Harry Reid said he told Arizona Senator John McCain that he loved him; and McCain returned the sentiment in the last days before he died.
McCain also loved gambling in Las Vegas. But he was a thorn in the side to the sports betting industry for a while when he tried to ban betting on college sports.
John L. Smith had a memorable run-in with the senator, too.
Smith recalled that during the discussion over McCain's bill that would have banned betting on all amateur sports the senator visited Las Vegas for a fundraiser and to gamble.
While he was gambling at Caesars Palace, Smith approached him to ask about the bill. An aide told him he could talk to him following the next day's fundraiser.
Undeterred, the next day after the fundraiser, Smith approached McCain to ask if thought it was hypocritical that he was gambling the night before while he was trying to ban legalized sports betting on some games.
“I have rarely experienced the stare and glare that I got from John McCain in that moment,” he said.
Smith recalls being put back on his heels and feeling his knees buckle a bit. The veteran reporter knew, "this is a guy who is ferocious."
The bill to ban sports betting on amateur sports failed but McCain proved to be a fierce advocate for his point of view.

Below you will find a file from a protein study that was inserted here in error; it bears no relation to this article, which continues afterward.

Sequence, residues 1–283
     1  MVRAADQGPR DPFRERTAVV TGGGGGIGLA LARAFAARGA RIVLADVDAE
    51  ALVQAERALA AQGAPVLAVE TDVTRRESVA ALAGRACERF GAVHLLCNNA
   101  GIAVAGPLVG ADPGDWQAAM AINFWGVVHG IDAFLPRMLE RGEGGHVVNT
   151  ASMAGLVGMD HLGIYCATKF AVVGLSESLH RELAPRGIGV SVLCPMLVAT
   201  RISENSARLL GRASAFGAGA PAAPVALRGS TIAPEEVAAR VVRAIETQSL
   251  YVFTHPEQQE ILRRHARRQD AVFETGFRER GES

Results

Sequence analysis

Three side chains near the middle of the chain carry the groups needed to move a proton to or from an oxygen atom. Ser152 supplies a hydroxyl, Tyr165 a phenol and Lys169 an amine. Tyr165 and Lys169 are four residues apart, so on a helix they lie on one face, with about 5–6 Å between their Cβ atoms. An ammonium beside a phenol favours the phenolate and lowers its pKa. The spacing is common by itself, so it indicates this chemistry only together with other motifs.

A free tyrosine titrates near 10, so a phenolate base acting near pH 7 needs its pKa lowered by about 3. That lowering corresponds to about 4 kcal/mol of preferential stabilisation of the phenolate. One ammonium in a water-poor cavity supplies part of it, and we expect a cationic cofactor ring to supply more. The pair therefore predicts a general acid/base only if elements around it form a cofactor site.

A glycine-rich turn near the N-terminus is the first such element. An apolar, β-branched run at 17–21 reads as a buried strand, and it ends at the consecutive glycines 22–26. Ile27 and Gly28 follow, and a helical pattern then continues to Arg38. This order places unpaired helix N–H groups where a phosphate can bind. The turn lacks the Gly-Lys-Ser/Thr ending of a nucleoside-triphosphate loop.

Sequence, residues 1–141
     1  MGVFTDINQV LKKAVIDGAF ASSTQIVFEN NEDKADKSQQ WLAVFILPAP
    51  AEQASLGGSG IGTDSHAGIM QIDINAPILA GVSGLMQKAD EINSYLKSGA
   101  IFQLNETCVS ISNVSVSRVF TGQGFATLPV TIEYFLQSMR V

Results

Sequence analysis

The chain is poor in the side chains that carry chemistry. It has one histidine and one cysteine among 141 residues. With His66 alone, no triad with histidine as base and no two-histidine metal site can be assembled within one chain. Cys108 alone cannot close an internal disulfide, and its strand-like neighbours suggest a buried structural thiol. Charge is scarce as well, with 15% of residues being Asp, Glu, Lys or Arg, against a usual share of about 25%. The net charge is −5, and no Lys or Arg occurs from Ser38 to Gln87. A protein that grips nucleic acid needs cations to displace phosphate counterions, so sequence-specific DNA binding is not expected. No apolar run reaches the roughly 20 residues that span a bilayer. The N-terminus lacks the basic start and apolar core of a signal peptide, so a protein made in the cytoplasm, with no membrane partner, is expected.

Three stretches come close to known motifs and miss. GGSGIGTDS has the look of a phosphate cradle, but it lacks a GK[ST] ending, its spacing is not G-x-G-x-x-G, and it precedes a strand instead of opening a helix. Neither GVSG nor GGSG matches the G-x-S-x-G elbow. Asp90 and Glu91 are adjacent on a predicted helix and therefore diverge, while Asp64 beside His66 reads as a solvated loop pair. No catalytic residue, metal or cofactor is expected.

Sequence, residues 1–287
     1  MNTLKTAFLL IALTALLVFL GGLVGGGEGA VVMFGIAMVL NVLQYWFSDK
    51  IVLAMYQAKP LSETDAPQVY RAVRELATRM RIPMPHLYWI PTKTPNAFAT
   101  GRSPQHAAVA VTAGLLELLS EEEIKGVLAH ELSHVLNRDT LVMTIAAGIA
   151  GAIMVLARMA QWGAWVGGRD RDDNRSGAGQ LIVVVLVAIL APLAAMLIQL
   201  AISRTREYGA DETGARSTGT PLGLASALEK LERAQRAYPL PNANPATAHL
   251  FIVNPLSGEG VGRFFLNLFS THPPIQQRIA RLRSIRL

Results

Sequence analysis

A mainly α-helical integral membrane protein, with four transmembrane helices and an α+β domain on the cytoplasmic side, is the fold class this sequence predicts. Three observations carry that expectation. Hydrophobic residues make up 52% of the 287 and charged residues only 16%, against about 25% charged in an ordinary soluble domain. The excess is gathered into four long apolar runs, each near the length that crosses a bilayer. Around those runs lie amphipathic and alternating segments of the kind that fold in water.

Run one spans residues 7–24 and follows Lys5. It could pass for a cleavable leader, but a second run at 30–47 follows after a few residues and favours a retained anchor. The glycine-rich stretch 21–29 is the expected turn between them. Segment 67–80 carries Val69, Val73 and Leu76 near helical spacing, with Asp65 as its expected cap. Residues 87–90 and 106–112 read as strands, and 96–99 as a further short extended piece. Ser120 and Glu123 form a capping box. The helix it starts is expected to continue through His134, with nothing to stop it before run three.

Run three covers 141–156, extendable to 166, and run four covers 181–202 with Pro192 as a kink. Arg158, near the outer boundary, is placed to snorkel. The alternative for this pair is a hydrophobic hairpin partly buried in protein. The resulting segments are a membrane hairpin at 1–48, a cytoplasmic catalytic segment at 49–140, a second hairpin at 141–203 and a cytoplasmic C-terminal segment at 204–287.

Wining and Dining in Carson City:
There is a growing fear in the state that the Carson City landmark restaurant Adele’s might be closing or changing owners.
“Even rumors of it closing or changing hands, will bring tears to the eyes of those who love it so much. I got to be honest with you, I hope it doesn’t change hands. I hope it stays open forever," Smith said.
The owners of the legendary eatery are looking towards retirement and Smith admits they deserve their rest.
But Smith says it is "one of Nevada's great restaurants" and it is a place where politicians, lobbyists, and journalists meet, eat and drink during the legislative session.
While the future of one important restaurant in Carson City is in question, an old haunt might be revived. Jack's Bar was once the place for lawmakers and lobbyist to get a drink during the session.
It closed several years ago, but Smith has heard rumblings that someone is planning to revive the watering hole.
He said whatever remodeling and improvement will need to be finished fast to reopen in time for the next legislative session, but if it makes it, “if it is open it will be filled,” Smith said.
John L. Smith, KNPR contributor
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